Jackson was one of our greatest poets -- it's hard to believe he's gone.
I knew him only at a distance, though there were a few important connections we made. Jackson published the first poems he ever wrote in high school, in a literary magazine edited by my grandfather, R. Stanley Peterson, at New Trier. We struck up a correspondence regarding this strange coincidence. I also saw Jackson read a number of times in the past three years: once in Tucson for POG, once in New York for a reading celebrating Chax Press, and once in Boston a little over a year ago for John Dooley's Demolicious Series.
In Tucson I spent a number of days with him and Jesse Seldess, and Jackson gave a talk on "My Writing Ways" in which he discussed many of the revolutionary procedural techniques that he developed over the years. However, he also admitted rather mischievously that after awhile it had become clear that his procedures did not completely remove the ego from the writing process, but that he decided to continue doing them because he "enjoyed the resulting effects." In this sense, I was particularly intrigued by his Forties series, which he wrote in an improvisatory fashion but which read as if they had been generated using procedures. It was as if, after years of doing those procedures, he had taught himself how to write differently, in this strange and open way.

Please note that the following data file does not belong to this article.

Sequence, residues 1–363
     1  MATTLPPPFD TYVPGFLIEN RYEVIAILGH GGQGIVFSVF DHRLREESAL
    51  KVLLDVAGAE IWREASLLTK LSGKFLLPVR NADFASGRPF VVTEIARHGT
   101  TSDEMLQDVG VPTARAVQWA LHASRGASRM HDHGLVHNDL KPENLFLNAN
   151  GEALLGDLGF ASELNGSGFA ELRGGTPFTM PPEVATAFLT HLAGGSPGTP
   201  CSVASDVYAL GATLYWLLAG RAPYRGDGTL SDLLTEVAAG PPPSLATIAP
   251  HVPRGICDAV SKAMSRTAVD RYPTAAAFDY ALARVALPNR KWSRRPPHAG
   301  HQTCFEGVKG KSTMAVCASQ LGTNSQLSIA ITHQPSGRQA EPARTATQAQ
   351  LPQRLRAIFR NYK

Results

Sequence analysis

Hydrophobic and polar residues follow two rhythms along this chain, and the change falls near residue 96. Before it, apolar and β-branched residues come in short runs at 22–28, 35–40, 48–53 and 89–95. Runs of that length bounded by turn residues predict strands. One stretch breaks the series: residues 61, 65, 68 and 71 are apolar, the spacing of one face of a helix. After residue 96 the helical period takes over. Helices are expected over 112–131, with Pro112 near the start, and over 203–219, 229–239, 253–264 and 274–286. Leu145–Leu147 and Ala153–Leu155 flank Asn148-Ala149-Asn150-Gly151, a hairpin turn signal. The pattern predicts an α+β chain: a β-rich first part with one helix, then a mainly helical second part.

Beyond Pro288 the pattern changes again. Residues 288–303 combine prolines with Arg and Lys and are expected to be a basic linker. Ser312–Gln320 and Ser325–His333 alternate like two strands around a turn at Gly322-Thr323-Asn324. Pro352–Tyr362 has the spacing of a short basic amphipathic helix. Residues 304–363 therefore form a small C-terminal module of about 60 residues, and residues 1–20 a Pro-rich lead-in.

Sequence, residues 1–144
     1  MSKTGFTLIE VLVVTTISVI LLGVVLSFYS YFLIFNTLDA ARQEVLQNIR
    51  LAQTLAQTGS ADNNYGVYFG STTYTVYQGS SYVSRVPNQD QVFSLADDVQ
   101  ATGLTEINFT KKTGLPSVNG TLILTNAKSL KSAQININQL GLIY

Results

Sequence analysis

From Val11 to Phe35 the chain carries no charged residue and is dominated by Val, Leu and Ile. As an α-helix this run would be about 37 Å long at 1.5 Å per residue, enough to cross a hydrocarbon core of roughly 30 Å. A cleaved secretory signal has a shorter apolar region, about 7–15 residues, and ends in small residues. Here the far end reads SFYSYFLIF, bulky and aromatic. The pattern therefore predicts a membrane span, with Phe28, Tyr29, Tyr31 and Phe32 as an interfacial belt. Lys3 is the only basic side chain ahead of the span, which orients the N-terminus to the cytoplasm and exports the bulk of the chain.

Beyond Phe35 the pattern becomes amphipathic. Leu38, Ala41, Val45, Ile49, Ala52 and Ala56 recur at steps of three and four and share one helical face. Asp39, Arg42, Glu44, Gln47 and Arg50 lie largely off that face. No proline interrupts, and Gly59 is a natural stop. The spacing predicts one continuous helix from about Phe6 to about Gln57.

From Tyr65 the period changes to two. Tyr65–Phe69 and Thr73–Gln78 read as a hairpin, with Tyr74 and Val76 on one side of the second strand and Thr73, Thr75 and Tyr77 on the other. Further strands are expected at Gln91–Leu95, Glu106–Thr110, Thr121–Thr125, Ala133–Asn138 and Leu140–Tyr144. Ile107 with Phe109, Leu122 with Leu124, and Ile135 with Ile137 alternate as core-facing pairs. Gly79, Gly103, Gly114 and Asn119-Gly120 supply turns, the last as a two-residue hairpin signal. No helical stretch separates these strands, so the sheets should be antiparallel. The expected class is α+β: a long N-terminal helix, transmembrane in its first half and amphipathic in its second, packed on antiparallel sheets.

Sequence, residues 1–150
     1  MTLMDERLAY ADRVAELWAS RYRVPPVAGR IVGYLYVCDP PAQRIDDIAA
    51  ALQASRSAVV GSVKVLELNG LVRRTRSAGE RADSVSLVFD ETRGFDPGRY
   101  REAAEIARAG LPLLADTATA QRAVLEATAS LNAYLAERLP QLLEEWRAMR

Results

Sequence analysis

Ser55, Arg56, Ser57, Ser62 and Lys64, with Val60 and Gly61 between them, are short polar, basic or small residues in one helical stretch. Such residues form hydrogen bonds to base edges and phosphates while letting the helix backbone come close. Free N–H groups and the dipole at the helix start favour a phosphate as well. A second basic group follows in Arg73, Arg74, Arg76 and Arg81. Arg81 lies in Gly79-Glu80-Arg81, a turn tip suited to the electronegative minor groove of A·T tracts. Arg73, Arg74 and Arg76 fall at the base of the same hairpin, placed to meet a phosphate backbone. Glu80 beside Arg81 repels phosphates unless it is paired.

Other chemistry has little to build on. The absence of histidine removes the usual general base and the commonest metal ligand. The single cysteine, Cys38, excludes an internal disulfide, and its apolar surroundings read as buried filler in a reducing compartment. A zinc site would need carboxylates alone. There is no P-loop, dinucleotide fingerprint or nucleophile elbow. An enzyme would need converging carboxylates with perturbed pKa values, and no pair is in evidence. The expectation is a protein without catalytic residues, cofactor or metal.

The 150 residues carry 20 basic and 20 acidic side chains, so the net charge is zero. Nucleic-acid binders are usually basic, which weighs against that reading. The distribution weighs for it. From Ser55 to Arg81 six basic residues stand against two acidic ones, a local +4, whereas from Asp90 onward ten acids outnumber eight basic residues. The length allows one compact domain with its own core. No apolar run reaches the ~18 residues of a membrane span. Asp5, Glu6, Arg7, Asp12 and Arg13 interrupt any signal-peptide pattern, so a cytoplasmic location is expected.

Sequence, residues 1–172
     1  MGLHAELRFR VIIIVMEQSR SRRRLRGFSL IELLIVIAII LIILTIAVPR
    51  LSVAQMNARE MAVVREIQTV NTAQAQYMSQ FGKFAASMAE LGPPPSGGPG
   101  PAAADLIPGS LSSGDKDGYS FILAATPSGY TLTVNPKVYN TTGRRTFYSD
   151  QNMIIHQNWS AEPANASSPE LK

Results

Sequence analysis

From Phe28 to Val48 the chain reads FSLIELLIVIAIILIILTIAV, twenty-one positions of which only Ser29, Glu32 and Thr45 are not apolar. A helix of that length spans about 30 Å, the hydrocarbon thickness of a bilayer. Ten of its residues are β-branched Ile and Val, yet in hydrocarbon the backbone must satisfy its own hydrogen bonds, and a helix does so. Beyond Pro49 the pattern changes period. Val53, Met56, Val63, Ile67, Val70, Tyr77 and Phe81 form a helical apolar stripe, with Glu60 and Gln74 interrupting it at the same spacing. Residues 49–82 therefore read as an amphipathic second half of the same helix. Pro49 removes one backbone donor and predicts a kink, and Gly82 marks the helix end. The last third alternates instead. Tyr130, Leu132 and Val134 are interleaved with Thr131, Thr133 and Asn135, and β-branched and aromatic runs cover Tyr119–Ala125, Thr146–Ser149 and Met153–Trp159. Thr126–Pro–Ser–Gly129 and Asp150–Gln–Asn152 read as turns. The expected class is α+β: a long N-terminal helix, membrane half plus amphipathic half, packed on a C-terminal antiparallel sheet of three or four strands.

Yet in looking at the early high school narrative poems of Jackson's, I showed them to Charles Alexander in his studio and Charles observed that in some oblique way the works "sounded like Jackson" even at that early stage. In any case, he made a lot of important discoveries and wrote a lot of important works, among them French Sonnets, one of my favorites. This was the first book published in 1984 by an exciting venture into publishing called at the time Black Mesa, a venture which we now know by the name of Chax Press.
Jackson's work has influenced the lives and poetry of so many, as evinced by the passionate and thoughtful responses assembled in this special issue of EOAGH -- we are honored to share them with you and continue this conversation about Jackson's work. We will dearly miss this wonderfully determined, serious, and sweet man with an eye for detail and a droll, slightly submerged sense of humor: in Tucson I loaned him a kettle because the guest cottage where he was staying had none, and he wrote me a note: "Thanks for the kettle, and the koincidence."
Photo by Charles Alexander